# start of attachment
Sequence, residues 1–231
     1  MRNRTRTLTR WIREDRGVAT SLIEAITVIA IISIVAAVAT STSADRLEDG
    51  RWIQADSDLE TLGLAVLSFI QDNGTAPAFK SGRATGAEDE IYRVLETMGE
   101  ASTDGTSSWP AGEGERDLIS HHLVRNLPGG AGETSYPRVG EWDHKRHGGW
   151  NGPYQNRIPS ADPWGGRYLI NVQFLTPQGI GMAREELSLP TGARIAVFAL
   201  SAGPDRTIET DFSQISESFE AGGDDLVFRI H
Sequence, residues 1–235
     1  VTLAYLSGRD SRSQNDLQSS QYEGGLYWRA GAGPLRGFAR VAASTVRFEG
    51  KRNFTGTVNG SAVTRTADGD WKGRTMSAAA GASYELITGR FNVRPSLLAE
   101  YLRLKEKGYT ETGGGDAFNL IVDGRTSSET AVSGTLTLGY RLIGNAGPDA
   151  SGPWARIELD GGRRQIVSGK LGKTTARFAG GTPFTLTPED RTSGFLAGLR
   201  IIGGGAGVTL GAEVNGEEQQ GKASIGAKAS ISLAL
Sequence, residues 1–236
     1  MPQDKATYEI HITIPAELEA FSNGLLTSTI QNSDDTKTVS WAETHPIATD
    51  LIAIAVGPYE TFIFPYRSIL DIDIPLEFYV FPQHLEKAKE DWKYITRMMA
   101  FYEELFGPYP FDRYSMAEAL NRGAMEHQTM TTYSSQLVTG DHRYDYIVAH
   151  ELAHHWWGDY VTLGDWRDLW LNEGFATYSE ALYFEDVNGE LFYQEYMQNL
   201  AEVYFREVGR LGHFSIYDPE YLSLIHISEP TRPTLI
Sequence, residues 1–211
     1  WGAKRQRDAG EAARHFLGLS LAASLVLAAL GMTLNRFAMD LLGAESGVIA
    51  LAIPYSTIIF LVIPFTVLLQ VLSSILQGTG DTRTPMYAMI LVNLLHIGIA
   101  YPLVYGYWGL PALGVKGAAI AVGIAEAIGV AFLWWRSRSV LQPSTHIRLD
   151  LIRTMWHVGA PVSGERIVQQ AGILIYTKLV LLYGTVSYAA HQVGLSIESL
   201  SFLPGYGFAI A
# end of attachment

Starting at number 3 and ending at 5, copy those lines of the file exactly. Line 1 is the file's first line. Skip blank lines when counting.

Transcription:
    51  RWIQADSDLE TLGLAVLSFI QDNGTAPAFK SGRATGAEDE IYRVLETMGE
   101  ASTDGTSSWP AGEGERDLIS HHLVRNLPGG AGETSYPRVG EWDHKRHGGW
   151  NGPYQNRIPS ADPWGGRYLI NVQFLTPQGI GMAREELSLP TGARIAVFAL